Looking back I should have realized it years ago when we were at a favorite South Florida restaurant, Oceans 234 in Deerfield Beach (link here).
Most children who have outgrown the booster seat but still need to kneel on their chair to reach the table do not eat Edamame, soybeans in the pod.
But there was Francesca Schena, my sister’s youngest child, collecting empty pods in her throw away bowl and building a perfect mound (she is also creative like her artist mother and talented sister). The funniest part of this story to me is that it was my first time tasting edamame and it was Francesca who taught me how.
“Aunt Jude, you sort of suck off the salt and pepper then gently squeeze the pod and kind of pull them out with your teeth. But don’t bite it, that’s gross!”
Since then whenever I eat edamame I think of her.
At first glance, my sister and I are not two soybeans in a pod. She is lean and athletic. I am not. She has long glistening straight hair. Have you ever seen me? I do not. She moved away from home soon after college. I did not. Her children have always eaten what was presented to them. Mine did not. (My son did catch up, however, since I had the ultimate meltdown when he was 3 or 4 and revolted against being a short-order cook. Of course, my mother-in-law was right, you don’t have to kill the monster you don’t create.)
But, close your eyes and hear us talk and you may have a difficult time telling us apart. Get us in the kitchen and you will find the same passion drives us both to not only feed our families but to satisfy that inner hunger that makes us feel loved and grounded. I guess we never gave any thought to our love and passion for food because our mother was the ultimate culinary model of a home cook.
Mom donned that apron and created amazing dishes, both sweet and savory. The Urban Dictionary defines foodie “a person who spends a keen amount attention and energy on knowing the ingredients of food, the proper preparation of food and finds great enjoyment in top-notch ingredients and exemplary preparation.”
If you include the phrase “Francesca is” to the above definition you are describing my 11-year-old niece. She first learned the phrase foodie about a year ago when her friend Crystal told her about a television show on Food Network called “Chopped.”
On that show four chefs are given baskets with secret ingredients and must make an appetizer, main dish and dessert with a chef being eliminated (chopped) after each round. She would come home from school and put Food Network on rather than the Disney Channel or Nickelodeon, trying to find “Chopped.”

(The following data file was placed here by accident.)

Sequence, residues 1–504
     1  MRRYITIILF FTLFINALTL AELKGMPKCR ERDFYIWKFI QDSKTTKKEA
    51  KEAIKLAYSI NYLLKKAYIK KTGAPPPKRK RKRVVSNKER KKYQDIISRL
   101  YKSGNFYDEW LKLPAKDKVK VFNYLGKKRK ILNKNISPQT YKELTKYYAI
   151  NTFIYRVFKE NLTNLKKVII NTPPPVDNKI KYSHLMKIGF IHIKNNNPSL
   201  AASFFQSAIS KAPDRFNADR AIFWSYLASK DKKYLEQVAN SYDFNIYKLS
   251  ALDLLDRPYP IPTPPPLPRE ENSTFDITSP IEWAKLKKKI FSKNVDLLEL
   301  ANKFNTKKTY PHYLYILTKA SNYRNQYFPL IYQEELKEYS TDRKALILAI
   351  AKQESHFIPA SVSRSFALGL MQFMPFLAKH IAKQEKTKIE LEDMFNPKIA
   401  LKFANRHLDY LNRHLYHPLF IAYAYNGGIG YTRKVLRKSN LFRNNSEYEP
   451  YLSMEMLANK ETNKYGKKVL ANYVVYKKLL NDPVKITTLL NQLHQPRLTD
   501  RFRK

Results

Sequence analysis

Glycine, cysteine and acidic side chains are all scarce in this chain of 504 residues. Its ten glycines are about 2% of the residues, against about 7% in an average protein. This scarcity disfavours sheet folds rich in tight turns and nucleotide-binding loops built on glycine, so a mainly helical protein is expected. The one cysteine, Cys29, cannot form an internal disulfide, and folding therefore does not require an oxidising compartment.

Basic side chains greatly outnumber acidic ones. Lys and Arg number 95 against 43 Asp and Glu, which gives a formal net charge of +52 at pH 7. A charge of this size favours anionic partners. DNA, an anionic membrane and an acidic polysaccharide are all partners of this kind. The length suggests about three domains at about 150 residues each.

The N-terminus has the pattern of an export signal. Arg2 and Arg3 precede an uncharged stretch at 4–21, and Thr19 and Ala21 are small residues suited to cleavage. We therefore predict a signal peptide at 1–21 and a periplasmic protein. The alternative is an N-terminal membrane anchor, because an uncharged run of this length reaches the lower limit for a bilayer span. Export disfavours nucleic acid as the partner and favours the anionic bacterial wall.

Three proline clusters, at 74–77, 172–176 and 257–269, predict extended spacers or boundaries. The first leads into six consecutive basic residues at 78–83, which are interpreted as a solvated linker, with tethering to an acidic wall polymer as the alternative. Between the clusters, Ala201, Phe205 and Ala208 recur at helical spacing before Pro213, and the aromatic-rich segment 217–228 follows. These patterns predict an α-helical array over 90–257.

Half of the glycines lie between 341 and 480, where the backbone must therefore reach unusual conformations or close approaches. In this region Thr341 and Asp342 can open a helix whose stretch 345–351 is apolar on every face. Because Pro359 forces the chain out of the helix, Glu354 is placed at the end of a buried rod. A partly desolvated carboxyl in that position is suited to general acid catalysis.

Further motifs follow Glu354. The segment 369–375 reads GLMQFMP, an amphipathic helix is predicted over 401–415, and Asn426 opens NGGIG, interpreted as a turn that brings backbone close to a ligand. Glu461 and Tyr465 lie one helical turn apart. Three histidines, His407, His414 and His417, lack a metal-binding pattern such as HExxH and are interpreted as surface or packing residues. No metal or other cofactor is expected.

Occasionally she would, but the rest of the time she would see other shows like “Sweet Genius” or “Cupcake Wars.” She likes competition shows and baking shows best.
Francesca and her friend Mackenzie play “Chopped” sometimes at home. They will do afterschool snacks or lunch and choose the ingredients the other has to work with. She says the secret is to give each other things they like to eat. This is a really great way to learn to cook because you have to envision how the ingredients work together. There is no judging, just enjoyment.
The topic of crepes came up when we were on vacation together last week. We went to a crepe restaurant in Deerfield Beach but realized we could do way better at home. We did a few dessert crepes then my mother taught her how to make homemade manicotti.
Not only was it a delicious meal, it was made by three generations of Russo women. It’s a memory I will hold dear forever.
I asked her what her favorite food was. Her answer: “a food, a meal or a course?” Seriously?
She says she loves spaghetti and meatballs with Gramma’s sauce. Her favorite food to make is cupcakes. Graham crackers and milk is her favorite afterschool snack and chocolate chip pancakes are her favorite breakfast. Her favorite thing to drink: virgin mango daiquiri. She says she cooks at least once a day.
A few weeks ago, she made deviled eggs. Heck, I don’t make deviled eggs! She gets recipes from cookbooks (she is starting a collection), magazines but rarely online. Some of her favorite things to cook, however, come from the top of her head. I asked her to give me an example.
Here is a favorite dessert or snack.
Francesca’s Ice Cream Sandwich Toast a frozen waffle (or make your own) Cut waffle in half and put a few small scoops of your favorite ice cream on one half and place the other half on top. Top with maple syrup and whipped cream.
When Francesca is not playing “Chopped” or watching food shows she’s a competitive swimmer, plays soccer, softball and tennis. She is president of the St. Hugo of the Hills children’s church choir in Michigan. When she grows up, she does not see herself doing anything food-related for a living. She does see herself enjoying making food for herself and for her family.
It appears the apple does not fall far from the tree.
And, in our case, where there is an apple, something yummy is sure to follow!
Have a yummy week!